In Bag Morcellation Removes Tumor Safely

Fresno, Calif. (KFSN) -- PHOENIX, Ariz. (Ivanhoe Newswire) - A surgeon in Arizona removed a 17 centimeter ovarian tumor through an incision smaller than a dime. He used a controversial procedure called in bag morcellation, where the tumor is bagged while it's still inside the body. Then, it's broken up and removed. Morcellation has been criticized because of its potential for spreading cancer cells. This doctor believes he has all but eliminated the risk.

Kathryn Norris enjoys spoiling her dogs Diego and Leo. But a year ago, she had to have a six-by-five-centimeter ovarian tumor removed. Greg J. Marchand, MD, FACS, FICS, FACOG, SOEMIS, a minimally invasive gynecologic surgeon, told her he'd be using his version of in bag morcellation. He'd go in laparoscopically, break up the tumor and remove it with this device, minimizing the risk of spreading disease.

"It was very comforting to know that this procedure was going to hopefully contain everything so it would not be infiltrating other parts of my body," Norris told Ivanhoe.

Basically, Dr. Marchand cuts the tumor free, and bags it up.

"Mine is a technique that relies on bringing the mass up to the instruments, as opposed to going in after it with the instruments and using blunt instruments to make sure you don't rupture the bag in any way," Dr. Marchand explained. (Read Full Interview)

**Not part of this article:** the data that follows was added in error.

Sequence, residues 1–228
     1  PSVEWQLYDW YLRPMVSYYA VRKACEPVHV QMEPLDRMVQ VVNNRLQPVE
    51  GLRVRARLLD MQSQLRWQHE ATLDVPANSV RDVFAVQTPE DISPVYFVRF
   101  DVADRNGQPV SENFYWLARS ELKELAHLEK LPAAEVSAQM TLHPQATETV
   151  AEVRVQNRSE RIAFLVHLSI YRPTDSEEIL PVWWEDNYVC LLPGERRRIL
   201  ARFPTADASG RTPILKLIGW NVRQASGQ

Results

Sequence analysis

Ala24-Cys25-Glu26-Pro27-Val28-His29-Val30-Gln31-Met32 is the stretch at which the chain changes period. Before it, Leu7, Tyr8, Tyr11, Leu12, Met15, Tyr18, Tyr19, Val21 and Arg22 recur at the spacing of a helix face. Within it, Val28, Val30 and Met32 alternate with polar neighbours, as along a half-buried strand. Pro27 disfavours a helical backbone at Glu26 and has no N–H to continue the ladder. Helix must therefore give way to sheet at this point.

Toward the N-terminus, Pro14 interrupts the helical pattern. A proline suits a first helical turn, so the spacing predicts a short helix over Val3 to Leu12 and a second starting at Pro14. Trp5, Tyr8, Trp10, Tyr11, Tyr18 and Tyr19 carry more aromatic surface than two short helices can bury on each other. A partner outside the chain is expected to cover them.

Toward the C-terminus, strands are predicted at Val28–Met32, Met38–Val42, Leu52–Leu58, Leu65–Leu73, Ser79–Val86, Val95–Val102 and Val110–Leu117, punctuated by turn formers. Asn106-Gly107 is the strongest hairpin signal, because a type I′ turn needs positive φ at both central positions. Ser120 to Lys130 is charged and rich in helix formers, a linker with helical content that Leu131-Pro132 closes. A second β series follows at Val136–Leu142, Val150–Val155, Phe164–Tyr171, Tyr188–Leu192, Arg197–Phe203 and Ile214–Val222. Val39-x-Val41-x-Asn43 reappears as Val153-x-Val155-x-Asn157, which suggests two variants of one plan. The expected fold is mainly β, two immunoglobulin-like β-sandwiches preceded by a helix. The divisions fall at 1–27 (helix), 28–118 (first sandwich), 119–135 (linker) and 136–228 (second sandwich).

Dr. Marchand said, "Since this mouth of the bag is exteriorized, on the outside of the patient, there's really no danger of this tremendous mass getting around and falling back in."

This allows patients like Kathryn to go home the night of surgery.

Norris stated, "I was feeling really pretty darn good. I did not think that I would be able to leave that quickly."

Dr. Marchand's motivation for helping patients recover quickly stems from his own minimally-invasive surgery for testicular cancer.

"When I woke up from that procedure, I really felt strong. I felt ready to fight the cancer, and I really hope that that's the feeling I give my patients," Dr. Marchand said.

Kathryn Norris' tumor turned out to be cancerous, but she hasn't had to have any treatment other than regular blood tests looking for tumor markers.


Greg J. Marchand

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